Integrated Pest Management: Principles, Methods, Advantages, Disadvantages and Ideal Management

Integrated pest management is the modern approach for pest management; For a Grower, the most important thing is getting good returns from produce. Still, the factors which majorly affect it are pests, diseases, and market value. Pesticides have a direct role in agriculture production and control of pests, insects, and diseases; at the same time, they also show ill effects. Therefore, only a single pest control measure can never be an effective and permanent solution for management.

Integrated Pest Management
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To overcome all these effects of pest damage, a new approach to tackle the problem is Integrated Pest Management (IPM). Barlett coined the term IPM. IPM Integrated Pest Management (IPM) is a cost-effective and environmentally friendly pest control approach that involves various practices. IPM programs make use of up-to-date, comprehensive information on pest life cycles and interactions with the environment.

IPM can be used in agricultural and non-agricultural systems, such as the home, garden, and workplace. IPM employs all appropriate pest management options, including, but not limited to, the prudent use of pesticides. On the other hand, organic food production uses many of the same concepts as IPM. Still, it limits the use of pesticides to those derived from natural sources rather than synthetic chemicals. 

Integrated Pest Management: Principles

IPM is not only one single pest control. But IPM is instead a combined effort of many different techniques. Therefore, we often refer to it as four principles, but in an elaborate context, they are 8 IPM Principles.

Principle 1: Prevention

Prevention is the adoption of measures to reduce the chance of pests. Suppression minimizes the impact of pests by applying techniques such as crop rotation and good cultivation techniques.  It is a method of preventing the spread of pathogenic organisms through hygiene measures (e.g., by regular cleansing of machinery and equipment).

Crop rotation is one pest prevention and control method that breaks the pest’s life cycle. The use of appropriate cultivation techniques is also part of prevention and suppression (e.g., stale seedbed technique, sowing dates and densities, under-sowing, conservation tillage, pruning, and direct sowing)

Principle 2: Monitoring

Wherever possible, harmful organisms must be monitored with appropriate methods and tools. Monitoring can be done through observations, sound scientific warnings, forecasting, early diagnosis systems, advice from professionally qualified advisers, and so on. Many countries, including France and Denmark, have adopted this monitoring and forecasting technique.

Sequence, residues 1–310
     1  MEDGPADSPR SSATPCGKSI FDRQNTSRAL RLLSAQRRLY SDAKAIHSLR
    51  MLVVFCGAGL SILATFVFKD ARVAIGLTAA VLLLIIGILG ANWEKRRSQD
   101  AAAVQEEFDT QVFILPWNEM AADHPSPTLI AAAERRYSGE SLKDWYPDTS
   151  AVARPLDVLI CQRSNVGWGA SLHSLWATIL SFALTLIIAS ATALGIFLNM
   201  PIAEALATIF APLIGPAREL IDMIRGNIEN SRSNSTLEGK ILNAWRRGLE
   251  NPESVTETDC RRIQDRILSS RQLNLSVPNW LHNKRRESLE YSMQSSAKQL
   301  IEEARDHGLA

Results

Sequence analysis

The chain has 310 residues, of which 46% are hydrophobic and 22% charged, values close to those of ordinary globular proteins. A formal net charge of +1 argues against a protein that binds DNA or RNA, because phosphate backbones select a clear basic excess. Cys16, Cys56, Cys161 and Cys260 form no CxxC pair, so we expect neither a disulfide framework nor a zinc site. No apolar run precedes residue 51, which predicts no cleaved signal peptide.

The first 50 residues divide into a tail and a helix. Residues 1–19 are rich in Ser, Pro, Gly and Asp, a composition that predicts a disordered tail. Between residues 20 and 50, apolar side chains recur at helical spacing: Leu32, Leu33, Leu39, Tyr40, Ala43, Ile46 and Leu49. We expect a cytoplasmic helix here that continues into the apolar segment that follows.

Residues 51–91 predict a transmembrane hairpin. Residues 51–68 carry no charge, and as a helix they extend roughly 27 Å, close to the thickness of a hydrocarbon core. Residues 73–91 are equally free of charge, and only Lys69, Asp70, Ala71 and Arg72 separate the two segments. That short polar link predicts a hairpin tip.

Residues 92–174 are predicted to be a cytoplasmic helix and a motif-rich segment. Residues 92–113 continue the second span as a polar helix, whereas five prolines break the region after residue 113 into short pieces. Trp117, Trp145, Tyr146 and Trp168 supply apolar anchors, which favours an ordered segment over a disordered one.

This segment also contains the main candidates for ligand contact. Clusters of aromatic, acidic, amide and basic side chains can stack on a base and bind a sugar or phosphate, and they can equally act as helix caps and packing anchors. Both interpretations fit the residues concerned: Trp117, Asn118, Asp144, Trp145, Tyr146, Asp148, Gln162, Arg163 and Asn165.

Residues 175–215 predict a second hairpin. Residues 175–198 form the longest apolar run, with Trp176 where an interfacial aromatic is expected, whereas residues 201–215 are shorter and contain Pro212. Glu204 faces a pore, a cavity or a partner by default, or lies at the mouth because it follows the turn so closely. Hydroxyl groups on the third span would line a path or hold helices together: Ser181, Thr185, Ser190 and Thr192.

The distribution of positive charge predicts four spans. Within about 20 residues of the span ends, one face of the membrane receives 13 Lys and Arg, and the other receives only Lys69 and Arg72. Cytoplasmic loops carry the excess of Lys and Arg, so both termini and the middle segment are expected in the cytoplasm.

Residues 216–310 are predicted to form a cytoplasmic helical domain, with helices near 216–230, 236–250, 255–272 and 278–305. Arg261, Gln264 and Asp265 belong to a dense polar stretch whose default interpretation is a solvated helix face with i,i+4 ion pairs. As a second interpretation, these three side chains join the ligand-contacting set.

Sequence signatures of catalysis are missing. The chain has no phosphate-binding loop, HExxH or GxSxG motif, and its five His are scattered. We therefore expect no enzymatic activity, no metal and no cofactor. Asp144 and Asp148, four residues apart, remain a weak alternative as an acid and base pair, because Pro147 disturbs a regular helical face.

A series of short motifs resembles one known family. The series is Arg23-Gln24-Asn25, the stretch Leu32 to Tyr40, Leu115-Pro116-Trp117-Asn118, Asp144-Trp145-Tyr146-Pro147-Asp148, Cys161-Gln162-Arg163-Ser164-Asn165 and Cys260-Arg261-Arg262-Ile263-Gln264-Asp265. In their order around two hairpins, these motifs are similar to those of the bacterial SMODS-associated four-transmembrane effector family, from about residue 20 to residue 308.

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Principle 3: Decision making

Decision-making is based on the monitoring results rather than the level of pest activity being monitored. The threshold is the defined pest density or population level that, if exceeded, requires management.

Principle 4: Non-chemical methods

Non-chemical methods are preferred as they are more sustainable with fewer biological and environmental hazards. However, chemical practices are often not sustainable and create more pest problems, so they are always preferred at first hand. Using live natural enemies is a significant non-chemical (biological) intervention method. Biological, physical, and ecological methods are examples of non-chemical methods.

Principle 5: Selection of pesticide

IPM does not eliminate the use of pesticides. Pesticides are used for pest control when alternative methods are not used properly. However, the pesticides used must be as specific as possible for the target. In addition, pesticides should pose no risk to human, non-target human, or environmental health.

Principle 6: Pesticide reduction

Reduced pesticide use refers to a cut-down pesticide application frequency and doses. Other forms of intervention must supplement this method. However, it aids in the reduction of pesticide side effects.

Principle 7: Anti-resistance techniques

IPM focuses on anti-resistance activities such as unmanaged and hazardous pesticide use has created a problem of resistance. As a result, pests have developed resistance, and pesticides have less of an effect on them. This is also the primary motivation for the IPM. Anti-resistance strategies include combining different pesticides with different modes of action and applying them at other times.

Principle 8: Evaluation